People are either often quick to dismiss the use of supplements, because “it’s not natural” or “I get all my vitamins and minerals from food”.

What exactly does “natural” mean? , and can we get all our vitamins and minerals from food?  

First of all, it’s important to understand that most of our modern fruits and vegetables have been crossbred to be bigger, sweeter, more resilient and just plain better.  Link here.  So most of our fruits and vegetables are not “natural” because we modified them to be better.  So the real question is, is modification “unnatural”?

There are 3 ways to modify a plant.

  • Cross Pollination = happens naturally without human intervention, plants that are compatible mix genetics through pollen being spread by wind and insects.
  • Cross Breeding = some human intervention, very little equipment required. Usually, a simple grafting technique is used.  Lots of our modern day fruits and vegetables have come through this means. Proven over 100s of years to be safe. The link earlier in this post was referring to this.
  • Genetically modified food = most of the corn and soybean in the world is already genetically modified. This requires a massive human intervention, with scientists in lab coats. Most scientists argue this is completely safe, and even a necessity. I myself, I’m not so convinced and think we need to tread with caution here. This will be addressed in a stand-alone blog post.

Most people that want “naturally grown food” are of course fine with cross pollination, and cross breeding. It’s the consumption of genetically modified plants which is so heavily debated. Now, there is plenty of science/studies that point to genetic modification being safe. However, personally, it’s hard for me to come to terms with a plant that is genetically modified to produce its own insecticide internally, as being healthy. You can show me as many studies as you like, but I think you can’t always ignore intuition. Especially when you have a choice to not eat these genetically modified plants. Another read flag is the companies that own the rights to these genetically modified plants, are constantly lobbying for laws to be changed. So that they don’t have to tell you, that the food product you’re buying from the store has a genetically modified plant as an ingredient.  This alone makes me suspicious enough to avoid them when I can.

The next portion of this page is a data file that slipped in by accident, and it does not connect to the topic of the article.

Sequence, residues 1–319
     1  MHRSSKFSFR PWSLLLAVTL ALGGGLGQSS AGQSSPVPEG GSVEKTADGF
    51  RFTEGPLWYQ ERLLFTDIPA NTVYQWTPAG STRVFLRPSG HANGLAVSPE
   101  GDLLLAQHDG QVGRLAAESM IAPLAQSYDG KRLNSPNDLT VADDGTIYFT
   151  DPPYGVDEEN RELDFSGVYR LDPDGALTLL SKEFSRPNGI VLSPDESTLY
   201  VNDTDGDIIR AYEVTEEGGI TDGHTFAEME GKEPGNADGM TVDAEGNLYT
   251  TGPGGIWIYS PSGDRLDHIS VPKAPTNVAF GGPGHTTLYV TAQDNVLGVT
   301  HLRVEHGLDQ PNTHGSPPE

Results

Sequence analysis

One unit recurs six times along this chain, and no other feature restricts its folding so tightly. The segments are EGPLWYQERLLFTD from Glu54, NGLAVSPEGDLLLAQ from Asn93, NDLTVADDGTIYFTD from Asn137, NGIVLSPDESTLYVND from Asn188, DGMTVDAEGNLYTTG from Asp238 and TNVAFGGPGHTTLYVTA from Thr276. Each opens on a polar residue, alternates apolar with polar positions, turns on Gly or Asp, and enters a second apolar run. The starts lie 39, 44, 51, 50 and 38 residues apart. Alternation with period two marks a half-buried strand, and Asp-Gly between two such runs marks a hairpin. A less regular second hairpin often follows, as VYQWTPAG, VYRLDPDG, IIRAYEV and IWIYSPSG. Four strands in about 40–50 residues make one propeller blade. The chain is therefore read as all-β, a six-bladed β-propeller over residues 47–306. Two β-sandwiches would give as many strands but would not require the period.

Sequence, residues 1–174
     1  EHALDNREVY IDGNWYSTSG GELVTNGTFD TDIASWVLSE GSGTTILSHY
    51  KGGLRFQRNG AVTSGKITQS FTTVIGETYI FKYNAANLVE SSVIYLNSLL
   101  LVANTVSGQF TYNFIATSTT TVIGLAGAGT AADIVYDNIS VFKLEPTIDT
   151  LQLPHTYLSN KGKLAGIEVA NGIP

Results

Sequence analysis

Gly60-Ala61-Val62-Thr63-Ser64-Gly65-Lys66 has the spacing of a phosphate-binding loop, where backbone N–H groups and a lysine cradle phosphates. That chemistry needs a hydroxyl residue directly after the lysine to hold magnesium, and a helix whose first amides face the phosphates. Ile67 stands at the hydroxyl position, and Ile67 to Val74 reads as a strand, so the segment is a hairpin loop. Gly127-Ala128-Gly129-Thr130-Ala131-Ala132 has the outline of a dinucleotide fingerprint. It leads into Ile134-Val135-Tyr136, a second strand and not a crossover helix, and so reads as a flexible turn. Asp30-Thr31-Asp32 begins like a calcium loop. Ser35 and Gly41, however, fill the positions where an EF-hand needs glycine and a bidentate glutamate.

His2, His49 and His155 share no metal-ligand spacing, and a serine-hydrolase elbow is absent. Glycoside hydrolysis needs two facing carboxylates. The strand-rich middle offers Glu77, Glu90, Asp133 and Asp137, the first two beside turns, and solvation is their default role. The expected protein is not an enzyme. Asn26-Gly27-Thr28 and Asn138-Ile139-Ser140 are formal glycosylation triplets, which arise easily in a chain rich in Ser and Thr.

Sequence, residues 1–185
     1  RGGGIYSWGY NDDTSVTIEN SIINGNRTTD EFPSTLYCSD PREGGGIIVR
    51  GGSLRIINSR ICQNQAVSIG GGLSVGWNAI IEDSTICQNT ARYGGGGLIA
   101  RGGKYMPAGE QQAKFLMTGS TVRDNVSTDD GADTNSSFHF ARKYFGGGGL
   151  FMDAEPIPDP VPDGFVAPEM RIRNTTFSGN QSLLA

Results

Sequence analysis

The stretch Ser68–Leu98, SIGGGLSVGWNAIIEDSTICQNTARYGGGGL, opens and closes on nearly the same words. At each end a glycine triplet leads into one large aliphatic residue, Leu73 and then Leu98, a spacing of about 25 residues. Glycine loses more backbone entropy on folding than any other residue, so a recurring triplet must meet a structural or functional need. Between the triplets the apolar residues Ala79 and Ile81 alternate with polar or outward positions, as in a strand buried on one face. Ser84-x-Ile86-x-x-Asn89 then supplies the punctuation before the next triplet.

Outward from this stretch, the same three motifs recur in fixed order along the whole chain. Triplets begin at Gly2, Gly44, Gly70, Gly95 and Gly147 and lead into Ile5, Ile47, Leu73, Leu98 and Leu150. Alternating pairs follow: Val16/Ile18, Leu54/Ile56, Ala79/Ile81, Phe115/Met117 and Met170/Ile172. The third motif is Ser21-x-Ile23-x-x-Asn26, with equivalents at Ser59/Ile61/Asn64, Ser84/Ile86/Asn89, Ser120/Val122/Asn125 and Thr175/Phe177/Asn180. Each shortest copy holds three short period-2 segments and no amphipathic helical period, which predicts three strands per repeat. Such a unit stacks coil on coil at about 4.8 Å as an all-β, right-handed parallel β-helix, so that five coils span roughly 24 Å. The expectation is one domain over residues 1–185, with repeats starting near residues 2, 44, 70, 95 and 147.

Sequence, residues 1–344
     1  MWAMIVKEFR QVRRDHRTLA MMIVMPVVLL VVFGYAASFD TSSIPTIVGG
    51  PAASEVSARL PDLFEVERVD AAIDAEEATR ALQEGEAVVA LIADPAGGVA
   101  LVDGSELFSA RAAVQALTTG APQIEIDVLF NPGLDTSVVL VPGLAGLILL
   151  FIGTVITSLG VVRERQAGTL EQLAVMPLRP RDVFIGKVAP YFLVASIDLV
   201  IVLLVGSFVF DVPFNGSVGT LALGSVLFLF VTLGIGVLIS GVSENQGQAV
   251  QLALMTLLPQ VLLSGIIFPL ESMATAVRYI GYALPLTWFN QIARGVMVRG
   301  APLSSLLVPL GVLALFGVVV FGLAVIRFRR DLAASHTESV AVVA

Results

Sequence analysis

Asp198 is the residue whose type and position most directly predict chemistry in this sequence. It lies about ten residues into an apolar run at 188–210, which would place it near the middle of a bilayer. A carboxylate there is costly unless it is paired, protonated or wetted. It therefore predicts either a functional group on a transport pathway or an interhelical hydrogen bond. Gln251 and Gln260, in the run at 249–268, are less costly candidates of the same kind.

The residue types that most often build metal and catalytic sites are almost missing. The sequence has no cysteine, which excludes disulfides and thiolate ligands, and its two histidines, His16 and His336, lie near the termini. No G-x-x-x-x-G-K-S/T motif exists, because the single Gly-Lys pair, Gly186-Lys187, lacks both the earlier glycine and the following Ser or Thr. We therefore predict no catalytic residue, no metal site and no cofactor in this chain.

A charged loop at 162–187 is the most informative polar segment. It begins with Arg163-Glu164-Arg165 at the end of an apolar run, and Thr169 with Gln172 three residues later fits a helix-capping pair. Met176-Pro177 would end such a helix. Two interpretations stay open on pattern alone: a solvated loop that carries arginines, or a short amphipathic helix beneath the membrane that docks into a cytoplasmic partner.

I would argue that our modern farming and distribution practices are greatly affecting the nutritional value of our food. If you’re reading this chances are you live in modern “westernized” society, which probably means your “overfed and undernourished”, a real oxymoron. We get nutrients from food, but our food gets nutrients from the soil, and our soil is depleted and sick. Article here.  

So to come back to the point. You can see we have already been modifying the natural state of plants for a long time. So to aim for a “natural diet” through natural means is a term that is hard to nail down. Logic would suggest with a sick and depleted soil, adding vitamins and minerals through some supplementation is a necessity. This, however being a band-aid, self-centered solution, because what we should really be doing is fixing the soil and using more eco-frinedly farming techniques.

Simple ! So a multivitamin will do the trick right?

If only it was that easy. To assume all of your individual vitamin and mineral deficiencies can be solved by one pill, taken twice a day is ignorant.

If you look at a daily recommended dose of magnesium for example and compare the size of this pill to your multivitamin, they probably look very similar. So how does the multivitamin fit 13 other vitamins and minerals into a pill with the same volume as your single magnesium pill?

Answer; it doesn’t! Your multivitamin is under dosed and most likely of poor quality. Not only is it underdosed, but what type of zinc/magnesium/calcium does it have in it? Is it bio-available, will it work?

Did you know there are over 7 different types of Zinc? All with different bio-availability and different recommend dosages. This is true for most other vitamins and minerals, they can all be sourced with different raw ingredients. These ingredients greatly affecting how your body will respond.

So are supplements a waste of money?

Yes and no! We are all probably deficient in something. However buying poor quality or under dosed supplements are definitely a waste of money, and may even make you sicker. Although finding quality supplements, and putting time into investigating what you actually need, and what works for you. This is money you probably can’t afford to not spend.

This site here, labdoor. Does a great job at testing and ranking different supplements, having done all the hard work for you. The general consensus seems to be they are quite reliable. Who knows what sort of connections they have with certain brands, but they appear to be quite transparent.